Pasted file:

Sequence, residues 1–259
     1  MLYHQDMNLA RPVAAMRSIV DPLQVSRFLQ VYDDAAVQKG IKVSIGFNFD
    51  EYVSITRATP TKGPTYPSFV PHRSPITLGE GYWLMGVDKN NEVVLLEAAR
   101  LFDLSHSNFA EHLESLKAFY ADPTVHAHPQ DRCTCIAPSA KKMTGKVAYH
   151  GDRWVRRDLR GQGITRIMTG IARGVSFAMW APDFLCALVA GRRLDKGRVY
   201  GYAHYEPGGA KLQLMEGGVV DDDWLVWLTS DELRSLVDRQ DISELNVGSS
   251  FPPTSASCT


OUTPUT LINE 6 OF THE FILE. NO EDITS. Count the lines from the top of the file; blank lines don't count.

   201  GYAHYEPGGA KLQLMEGGVV DDDWLVWLTS DELRSLVDRQ DISELNVGSS